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A 55-year-old woman presented with a 4-year history of effort-induced dyspnea. She had had hoarseness for many years and had undergone laryngoscopy 24 years earlier. She had experienced no occupational or personality-based vocal abuse. She also had no history of thyroid disease or neck trauma and no other symptoms, such as dysphagia or cervical pain. Her medical history was remarkable for type 2 diabetes mellitus and essential hypertension.
Physical examination revealed no dyspnea or stridor, and laryngoscopy showed normal mobility of both vocal cords; however, there was evidence of thickening of the anterior part of both true vocal cords, with narrowing of the anterior glottic inlet to 3 mm. The impression was of a subglottic mass or subglottic stenosis. Neck palpation revealed a mild enlargement of the thyroid gland. A computed tomographic scan (Figures 1, 2, and 3) demonstrated a large thyroid nodule and a 1×3-cm mass containing calcification emerging from the thyroid gland, invading the larynx in the subglottic area and upper trachea, destroying the cricoid cartilage, and extending to both vocal cords. Both vocal cords showed a mass with calcification. There was no evidence of tracheal stenosis.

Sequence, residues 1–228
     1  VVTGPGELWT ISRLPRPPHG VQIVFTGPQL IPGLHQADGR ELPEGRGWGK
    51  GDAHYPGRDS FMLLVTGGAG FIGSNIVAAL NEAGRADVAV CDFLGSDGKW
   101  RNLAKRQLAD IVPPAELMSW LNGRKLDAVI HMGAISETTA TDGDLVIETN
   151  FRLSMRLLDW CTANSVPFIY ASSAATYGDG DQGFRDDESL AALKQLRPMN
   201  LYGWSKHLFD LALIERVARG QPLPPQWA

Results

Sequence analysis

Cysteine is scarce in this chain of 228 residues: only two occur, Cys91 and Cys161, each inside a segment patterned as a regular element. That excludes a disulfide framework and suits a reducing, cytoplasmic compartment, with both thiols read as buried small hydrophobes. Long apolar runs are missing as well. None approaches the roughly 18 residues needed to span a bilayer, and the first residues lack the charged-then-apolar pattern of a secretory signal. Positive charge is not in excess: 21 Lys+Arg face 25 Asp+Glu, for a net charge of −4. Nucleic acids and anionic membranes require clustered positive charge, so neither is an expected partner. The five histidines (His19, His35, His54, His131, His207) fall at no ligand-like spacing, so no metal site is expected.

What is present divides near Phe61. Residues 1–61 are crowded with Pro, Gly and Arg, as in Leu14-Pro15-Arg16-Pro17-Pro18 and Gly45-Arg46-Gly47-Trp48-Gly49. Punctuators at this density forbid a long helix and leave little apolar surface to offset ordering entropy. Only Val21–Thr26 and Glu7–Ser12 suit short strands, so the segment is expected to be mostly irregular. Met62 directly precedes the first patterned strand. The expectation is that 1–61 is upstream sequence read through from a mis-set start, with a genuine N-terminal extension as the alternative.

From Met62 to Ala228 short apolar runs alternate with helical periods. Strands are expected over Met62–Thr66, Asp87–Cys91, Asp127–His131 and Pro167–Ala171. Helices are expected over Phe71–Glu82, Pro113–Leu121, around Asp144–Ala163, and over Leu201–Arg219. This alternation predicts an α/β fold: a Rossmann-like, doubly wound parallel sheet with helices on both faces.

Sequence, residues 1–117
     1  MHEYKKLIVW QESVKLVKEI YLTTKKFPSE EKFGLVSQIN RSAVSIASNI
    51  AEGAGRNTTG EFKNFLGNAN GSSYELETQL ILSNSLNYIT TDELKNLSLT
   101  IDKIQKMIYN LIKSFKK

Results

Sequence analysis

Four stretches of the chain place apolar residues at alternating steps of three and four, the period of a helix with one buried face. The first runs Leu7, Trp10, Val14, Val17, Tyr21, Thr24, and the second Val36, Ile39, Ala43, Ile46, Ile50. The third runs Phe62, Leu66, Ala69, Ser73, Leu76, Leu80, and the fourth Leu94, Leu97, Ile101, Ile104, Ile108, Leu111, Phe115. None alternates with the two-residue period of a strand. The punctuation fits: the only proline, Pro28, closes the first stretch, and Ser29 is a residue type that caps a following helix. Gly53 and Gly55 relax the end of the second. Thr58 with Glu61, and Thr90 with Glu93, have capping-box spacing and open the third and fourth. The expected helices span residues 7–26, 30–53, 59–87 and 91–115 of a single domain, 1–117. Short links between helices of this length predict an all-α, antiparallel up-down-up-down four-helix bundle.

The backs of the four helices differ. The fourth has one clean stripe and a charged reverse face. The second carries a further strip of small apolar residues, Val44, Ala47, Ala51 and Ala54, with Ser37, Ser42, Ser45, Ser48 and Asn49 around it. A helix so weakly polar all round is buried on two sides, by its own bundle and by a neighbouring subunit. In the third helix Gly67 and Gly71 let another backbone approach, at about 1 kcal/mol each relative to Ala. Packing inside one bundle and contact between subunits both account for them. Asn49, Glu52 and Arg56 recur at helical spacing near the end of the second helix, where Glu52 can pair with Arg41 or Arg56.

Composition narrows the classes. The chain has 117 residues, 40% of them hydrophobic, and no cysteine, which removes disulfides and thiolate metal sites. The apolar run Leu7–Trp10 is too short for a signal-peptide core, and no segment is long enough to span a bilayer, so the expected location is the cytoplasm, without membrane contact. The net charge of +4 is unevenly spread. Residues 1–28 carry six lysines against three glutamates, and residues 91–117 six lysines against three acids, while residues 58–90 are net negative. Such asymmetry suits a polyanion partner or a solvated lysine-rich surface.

Lavon H, Doweck I. Radiology Quiz Case. Arch Otolaryngol Head Neck Surg. 2008;134(8):895. doi:10.1001/archotol.134.8.895